Catholic Mass Readings and Reflection January 25, 2024


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R/. Go into all the world and proclaim the gospel.

V/. Alleluia R/. Alleluia

V/. I chose you and appointed you that you should go and bear fruit and that your fruit should abide, says the Lord.

R/. Alleluia

At that time: [Appearing to the Eleven] Jesus said to them, “Go into all the world and proclaim the gospel to the whole creation. Whoever believes and is baptized will be saved, but whoever does not believe will be condemned. And these signs will accompany those who believe: in my name they will cast out demons; they will speak in new tongues; they will pick up serpents with their hands; and if they drink any deadly poison, it will not hurt them; they will lay their hands on the sick, and they will recover.”

1.      Today on 25th January we celebrate the conversion of Paul. His conversion narrative is so dramatic and the details are very suggestive. He was on his way to Damascus with a destructive plan to persecute and terminate the followers of Christ.

2.       But on the way, he encounters Jesus. Great light from heaven shone around him. He falls to the ground. He hears the voice of Jesus himself. Jesus confronts him, “Why are you persecuting me?” He loses his sight. He is led to Damascus, to a devout Ananias. He restores sight to Paul and discloses to him God’s plan for him. He confirms him in his new mission of bearing witness to the Lord.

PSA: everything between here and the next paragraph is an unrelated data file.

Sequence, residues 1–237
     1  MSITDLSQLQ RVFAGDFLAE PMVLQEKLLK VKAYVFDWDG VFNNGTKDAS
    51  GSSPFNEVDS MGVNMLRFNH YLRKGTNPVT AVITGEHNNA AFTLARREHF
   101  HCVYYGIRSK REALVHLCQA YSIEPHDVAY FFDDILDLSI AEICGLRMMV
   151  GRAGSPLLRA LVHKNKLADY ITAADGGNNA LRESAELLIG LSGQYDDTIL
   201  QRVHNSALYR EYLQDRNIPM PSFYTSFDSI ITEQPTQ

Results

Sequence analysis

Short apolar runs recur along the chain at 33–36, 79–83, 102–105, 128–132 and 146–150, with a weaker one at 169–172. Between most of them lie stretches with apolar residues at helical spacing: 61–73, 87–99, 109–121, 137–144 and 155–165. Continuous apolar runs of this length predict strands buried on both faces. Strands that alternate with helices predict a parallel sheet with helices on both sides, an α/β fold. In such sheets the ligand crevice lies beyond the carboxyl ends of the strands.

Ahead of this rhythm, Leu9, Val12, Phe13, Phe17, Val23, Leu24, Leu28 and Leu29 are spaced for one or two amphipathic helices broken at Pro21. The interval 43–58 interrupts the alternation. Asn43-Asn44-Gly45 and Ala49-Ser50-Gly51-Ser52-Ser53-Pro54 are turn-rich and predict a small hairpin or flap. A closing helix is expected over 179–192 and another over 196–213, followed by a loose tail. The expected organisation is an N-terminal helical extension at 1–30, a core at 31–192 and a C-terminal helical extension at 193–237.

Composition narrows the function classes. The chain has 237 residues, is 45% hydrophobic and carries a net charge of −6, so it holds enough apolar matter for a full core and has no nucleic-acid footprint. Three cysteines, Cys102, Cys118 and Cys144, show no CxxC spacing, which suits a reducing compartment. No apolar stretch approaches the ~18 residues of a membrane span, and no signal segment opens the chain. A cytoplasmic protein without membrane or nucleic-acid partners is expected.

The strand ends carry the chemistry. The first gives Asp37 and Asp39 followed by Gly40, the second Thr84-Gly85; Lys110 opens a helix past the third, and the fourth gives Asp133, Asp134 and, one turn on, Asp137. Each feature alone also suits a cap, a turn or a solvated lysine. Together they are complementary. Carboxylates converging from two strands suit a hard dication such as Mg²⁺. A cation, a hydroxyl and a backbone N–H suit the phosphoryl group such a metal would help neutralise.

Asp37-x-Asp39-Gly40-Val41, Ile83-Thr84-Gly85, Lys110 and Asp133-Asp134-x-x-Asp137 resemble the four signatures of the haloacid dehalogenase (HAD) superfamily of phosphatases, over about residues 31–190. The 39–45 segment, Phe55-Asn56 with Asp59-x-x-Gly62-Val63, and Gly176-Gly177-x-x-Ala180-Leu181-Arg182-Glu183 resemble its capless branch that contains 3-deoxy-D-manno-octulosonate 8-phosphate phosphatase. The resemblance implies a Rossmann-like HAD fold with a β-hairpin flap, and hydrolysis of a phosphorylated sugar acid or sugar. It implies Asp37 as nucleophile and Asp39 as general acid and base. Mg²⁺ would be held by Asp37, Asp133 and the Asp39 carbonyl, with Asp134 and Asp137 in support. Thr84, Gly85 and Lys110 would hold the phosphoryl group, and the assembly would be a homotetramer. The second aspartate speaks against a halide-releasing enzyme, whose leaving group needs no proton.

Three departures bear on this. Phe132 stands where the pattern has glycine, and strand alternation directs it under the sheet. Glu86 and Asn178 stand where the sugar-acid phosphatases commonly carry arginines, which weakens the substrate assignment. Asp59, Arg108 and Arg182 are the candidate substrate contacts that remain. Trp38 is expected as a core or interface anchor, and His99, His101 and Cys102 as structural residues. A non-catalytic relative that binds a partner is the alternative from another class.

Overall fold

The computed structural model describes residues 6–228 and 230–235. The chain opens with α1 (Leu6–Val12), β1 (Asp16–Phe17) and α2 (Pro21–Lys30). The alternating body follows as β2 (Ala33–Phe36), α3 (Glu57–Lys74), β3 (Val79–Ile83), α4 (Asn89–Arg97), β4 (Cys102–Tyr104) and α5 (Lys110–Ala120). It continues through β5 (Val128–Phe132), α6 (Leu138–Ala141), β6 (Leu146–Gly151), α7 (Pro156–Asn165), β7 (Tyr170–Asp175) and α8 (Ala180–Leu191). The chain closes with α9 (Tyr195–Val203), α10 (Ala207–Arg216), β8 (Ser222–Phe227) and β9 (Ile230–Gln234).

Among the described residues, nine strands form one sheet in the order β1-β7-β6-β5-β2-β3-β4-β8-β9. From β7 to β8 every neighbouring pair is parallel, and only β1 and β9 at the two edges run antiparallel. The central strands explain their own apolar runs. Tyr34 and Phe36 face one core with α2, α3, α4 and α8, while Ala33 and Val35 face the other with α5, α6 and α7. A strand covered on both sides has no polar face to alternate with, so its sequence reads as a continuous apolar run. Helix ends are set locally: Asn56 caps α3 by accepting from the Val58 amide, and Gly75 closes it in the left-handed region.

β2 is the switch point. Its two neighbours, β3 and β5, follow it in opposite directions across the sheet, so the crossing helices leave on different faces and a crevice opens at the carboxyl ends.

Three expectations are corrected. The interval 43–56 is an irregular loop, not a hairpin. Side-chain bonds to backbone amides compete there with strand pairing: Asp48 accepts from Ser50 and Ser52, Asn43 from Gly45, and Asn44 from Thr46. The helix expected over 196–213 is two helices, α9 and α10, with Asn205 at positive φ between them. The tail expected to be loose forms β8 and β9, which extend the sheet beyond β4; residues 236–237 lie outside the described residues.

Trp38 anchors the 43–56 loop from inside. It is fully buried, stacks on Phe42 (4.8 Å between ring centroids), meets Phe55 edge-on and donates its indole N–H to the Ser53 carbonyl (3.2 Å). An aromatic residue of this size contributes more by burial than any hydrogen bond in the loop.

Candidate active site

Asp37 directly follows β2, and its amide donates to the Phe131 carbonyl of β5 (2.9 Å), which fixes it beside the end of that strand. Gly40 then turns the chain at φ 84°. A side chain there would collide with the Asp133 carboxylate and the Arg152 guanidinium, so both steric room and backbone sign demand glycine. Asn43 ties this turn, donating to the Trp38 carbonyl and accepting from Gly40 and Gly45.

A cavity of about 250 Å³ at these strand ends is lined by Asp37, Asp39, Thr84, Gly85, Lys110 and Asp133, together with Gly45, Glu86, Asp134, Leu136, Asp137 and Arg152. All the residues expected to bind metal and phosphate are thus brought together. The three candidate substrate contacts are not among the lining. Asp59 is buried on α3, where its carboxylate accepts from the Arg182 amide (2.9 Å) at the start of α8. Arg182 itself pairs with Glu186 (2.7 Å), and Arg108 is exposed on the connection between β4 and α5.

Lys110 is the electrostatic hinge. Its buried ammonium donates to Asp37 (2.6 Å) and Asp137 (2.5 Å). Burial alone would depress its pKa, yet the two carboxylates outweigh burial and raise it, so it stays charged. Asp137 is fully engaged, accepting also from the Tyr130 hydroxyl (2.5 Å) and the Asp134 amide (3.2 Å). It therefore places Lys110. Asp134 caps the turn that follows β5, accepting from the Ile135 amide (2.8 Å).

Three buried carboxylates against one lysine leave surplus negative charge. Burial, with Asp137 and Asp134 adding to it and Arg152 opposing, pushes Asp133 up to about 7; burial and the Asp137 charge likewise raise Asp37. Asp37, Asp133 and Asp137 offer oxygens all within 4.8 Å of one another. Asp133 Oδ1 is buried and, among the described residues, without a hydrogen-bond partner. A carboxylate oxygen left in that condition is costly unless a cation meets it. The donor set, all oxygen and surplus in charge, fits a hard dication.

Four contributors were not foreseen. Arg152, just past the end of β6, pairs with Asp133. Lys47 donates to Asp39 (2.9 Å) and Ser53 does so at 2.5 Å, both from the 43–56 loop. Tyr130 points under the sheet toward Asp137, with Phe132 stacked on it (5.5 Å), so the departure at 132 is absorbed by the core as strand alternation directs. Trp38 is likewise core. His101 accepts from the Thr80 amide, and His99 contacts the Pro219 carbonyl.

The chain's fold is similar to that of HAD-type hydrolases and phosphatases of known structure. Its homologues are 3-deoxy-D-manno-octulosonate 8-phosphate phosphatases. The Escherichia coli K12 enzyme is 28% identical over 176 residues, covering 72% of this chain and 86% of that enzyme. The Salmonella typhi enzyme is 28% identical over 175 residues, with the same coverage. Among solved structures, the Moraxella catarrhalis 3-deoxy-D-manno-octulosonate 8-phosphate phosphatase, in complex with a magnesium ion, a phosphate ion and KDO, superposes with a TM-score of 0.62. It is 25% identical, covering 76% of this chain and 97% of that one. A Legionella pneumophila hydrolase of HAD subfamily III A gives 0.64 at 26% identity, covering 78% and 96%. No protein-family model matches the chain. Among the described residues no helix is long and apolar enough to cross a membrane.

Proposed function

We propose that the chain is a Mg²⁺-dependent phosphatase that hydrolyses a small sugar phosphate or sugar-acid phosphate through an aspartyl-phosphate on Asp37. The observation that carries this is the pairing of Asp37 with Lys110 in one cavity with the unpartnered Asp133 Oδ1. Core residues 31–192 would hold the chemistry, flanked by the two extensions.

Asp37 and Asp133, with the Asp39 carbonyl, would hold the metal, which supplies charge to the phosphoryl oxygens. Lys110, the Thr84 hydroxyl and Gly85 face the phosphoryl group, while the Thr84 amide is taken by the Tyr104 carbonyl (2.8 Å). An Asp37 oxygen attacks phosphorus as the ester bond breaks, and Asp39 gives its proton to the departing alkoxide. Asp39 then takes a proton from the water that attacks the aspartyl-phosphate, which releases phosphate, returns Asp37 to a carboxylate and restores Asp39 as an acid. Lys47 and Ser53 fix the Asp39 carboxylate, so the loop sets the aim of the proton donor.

3.       The conversion of Paul is a great eye-opener for all of us regarding our own unconverted lives. Bearing the name of a Christian, having the label or garb of a disciple of Christ, believing some doctrines, following some traditions, and performing some religious activities are good but not enough. These are not guarantees of conversion.

4.       Real conversion must touch the heart and change the way of life. One greatest sign of conversion is the realization that failure in fraternity is a failure in faith: Any act of persecuting and harming others is persecuting the Lord himself and obstructing his way. There is no use of great evangelization or even working great miracles if we lack fraternity and charity.

5.       Conversion also implies openness to encounter the great light from heaven, to realize and dispel our own shades of darkness, and to receive new sight. How many of us allow God’s light to shine upon us? How many realize that we are still walking in the dark? How many are ready to receive constantly the new light of a renewed purpose, a renewed way, a renewed loyalty, a renewed commitment?

6.       Paul’s conversion was the greatest turning point from being a persecutor to being persecuted, from a blind hater to a passionate lover of Christ, from slavery to wrong ideology to loyalty to deep spirituality. How many are really ready to suffer something for God and others?

7.       How absurd it is that many claim to love and serve God while they hate others and God’s ways? How many adamantly and arrogantly stick to their own wrong ways and self-interests and become disloyal to the directives of a genuine spirituality?

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